After our first week of gallivanting around the local area we were more than settled in and ready to get cracking with some work. Incidentally, we couldn’t have had better weather since we have been here. It’s been sun, sun and more sun but with a nice breeze to keep the temperature just under boiling point. So what have we been doing workwise? Well, Tim has been happy as a pig in shdreamland getting to use all the different boys toys helping with the mowing, strimming and caravan moving whilst I’ve been trained up in the office to cover a couple of days a week in there when the school holidays start. Sandy, the campsite pooch, is in charge of maintenance and likes to sit in a bed behind the ride on mower to over see things. At fourteen and a half years old he’s an old hand and couldn’t be happier when he’s in the thick of it. If he’s left behind he howls and howls!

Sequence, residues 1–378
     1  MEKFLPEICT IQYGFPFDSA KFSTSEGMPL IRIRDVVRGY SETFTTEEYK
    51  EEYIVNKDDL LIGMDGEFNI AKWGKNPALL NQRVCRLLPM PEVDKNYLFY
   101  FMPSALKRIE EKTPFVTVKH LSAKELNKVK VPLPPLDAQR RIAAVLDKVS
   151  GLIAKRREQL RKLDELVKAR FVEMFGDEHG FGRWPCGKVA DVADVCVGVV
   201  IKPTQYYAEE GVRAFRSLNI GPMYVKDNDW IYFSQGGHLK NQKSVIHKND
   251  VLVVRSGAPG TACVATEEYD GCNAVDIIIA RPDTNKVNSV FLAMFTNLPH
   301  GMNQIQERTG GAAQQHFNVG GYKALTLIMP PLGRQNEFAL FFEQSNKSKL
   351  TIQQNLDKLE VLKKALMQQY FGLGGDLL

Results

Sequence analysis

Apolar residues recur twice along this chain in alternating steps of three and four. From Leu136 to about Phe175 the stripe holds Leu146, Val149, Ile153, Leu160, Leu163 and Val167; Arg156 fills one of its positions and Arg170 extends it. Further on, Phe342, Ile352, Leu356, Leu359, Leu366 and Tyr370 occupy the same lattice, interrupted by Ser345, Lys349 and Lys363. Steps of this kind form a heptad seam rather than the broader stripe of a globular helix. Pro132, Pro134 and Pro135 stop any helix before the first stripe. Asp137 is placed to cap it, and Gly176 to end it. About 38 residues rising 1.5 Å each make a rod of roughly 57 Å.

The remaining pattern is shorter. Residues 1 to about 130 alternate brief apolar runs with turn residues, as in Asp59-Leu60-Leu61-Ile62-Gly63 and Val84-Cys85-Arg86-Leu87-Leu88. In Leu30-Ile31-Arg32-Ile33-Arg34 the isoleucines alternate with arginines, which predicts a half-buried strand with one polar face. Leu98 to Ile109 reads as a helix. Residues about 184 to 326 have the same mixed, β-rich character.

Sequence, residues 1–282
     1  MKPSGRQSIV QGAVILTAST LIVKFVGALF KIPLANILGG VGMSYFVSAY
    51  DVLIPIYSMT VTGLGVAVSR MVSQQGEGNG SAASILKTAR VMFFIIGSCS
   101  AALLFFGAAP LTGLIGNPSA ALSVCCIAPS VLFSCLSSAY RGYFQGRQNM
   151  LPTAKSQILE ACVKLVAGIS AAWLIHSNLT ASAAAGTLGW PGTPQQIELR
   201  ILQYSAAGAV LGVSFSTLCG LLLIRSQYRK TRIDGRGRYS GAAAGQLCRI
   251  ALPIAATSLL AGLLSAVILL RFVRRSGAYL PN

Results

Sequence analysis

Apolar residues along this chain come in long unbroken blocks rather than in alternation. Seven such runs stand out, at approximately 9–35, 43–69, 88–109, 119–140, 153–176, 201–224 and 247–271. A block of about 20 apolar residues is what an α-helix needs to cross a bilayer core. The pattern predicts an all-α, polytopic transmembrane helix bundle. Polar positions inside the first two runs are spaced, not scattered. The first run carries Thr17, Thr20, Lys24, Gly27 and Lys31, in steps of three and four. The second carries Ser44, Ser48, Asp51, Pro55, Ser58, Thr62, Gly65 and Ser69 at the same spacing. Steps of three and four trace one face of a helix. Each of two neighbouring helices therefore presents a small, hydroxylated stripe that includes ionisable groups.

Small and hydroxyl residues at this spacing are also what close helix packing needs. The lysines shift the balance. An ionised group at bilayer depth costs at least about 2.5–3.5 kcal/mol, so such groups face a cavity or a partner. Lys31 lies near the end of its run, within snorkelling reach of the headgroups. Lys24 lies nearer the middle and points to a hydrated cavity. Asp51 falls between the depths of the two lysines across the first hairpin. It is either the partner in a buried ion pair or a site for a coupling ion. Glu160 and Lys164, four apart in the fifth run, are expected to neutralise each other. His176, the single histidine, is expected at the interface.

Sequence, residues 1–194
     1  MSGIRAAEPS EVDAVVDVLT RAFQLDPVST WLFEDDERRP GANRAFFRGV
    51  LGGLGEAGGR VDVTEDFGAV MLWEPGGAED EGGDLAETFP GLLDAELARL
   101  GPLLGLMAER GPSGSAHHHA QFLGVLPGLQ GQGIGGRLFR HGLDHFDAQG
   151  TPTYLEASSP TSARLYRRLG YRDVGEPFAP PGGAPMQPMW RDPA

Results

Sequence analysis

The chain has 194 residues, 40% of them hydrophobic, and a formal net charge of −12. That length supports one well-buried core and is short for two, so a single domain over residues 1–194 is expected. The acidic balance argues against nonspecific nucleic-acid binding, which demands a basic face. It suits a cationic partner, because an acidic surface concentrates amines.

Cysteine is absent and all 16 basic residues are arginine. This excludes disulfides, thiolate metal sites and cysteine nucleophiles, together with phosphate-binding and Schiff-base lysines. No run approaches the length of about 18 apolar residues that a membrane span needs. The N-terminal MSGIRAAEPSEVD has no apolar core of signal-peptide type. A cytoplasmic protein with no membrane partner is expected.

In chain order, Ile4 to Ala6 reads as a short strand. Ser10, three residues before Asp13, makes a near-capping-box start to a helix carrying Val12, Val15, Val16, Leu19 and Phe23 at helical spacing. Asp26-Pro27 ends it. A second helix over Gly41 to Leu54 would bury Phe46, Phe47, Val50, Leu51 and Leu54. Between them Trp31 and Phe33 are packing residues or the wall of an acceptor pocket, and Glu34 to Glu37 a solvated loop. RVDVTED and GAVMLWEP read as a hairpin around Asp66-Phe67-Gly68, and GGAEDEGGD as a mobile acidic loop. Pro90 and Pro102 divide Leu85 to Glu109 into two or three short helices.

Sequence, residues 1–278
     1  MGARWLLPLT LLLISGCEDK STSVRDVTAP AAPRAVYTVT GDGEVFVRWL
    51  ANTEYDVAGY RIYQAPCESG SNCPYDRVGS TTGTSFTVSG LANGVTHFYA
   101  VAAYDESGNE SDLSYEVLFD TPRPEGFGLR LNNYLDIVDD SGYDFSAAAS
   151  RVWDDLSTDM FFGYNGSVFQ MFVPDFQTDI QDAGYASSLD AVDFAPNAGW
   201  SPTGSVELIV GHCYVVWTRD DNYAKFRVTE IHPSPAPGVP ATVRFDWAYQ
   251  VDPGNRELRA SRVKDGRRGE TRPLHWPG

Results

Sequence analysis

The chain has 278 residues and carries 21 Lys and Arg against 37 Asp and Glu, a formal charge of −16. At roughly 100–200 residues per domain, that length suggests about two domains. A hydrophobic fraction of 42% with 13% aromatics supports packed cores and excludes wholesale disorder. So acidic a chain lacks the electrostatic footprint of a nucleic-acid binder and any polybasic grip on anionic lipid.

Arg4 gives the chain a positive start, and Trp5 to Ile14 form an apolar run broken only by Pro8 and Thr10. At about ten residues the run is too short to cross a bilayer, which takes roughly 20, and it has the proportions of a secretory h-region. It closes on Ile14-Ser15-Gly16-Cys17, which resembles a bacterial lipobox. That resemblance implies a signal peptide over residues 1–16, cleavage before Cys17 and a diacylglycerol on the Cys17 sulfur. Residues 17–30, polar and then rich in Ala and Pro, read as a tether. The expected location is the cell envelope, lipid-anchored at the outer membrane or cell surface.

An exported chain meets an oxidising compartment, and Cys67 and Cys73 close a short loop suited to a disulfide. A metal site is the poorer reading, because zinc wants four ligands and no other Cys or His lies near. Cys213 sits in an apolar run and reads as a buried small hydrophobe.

Aside from that there has been plenty of painting, cleaning, sweeping, mopping, hoovering, dusting and bin emptying. Oh and ironing. Yes, I have had to get reacquainted with an iron. I haven’t used an iron in over two years and even before that it rarely saw the light of day. I was very happy to do most of the ‘pink’ jobs in our previous life as I worked less hours than Tim and didn’t have a commute but I’m afraid I drew the line at ironing. It was every man or woman for themselves on the ironing front. I only ever ironed anything if it would really look like I’d slept in it if I didn’t iron it so getting to grips with ironing again has been a steep learning curve! The site has two holiday lodges and four static caravans that they rent out which we’ll be doing some of the changeover days for. Hence the need to iron the bed linen. Ironed bed linen? Who’d have thought! To be fair it’s all ironed under one of those press type irons but I’ve had to learn how to fold a fitted sheet to get it flat under the press. Jeez, that was a mind bender. FITTED sheets are called FITTED sheets and not FLAT sheets for a reason. This is because they do not fold FLAT. Period! Still, it’s another skill to add to my CV.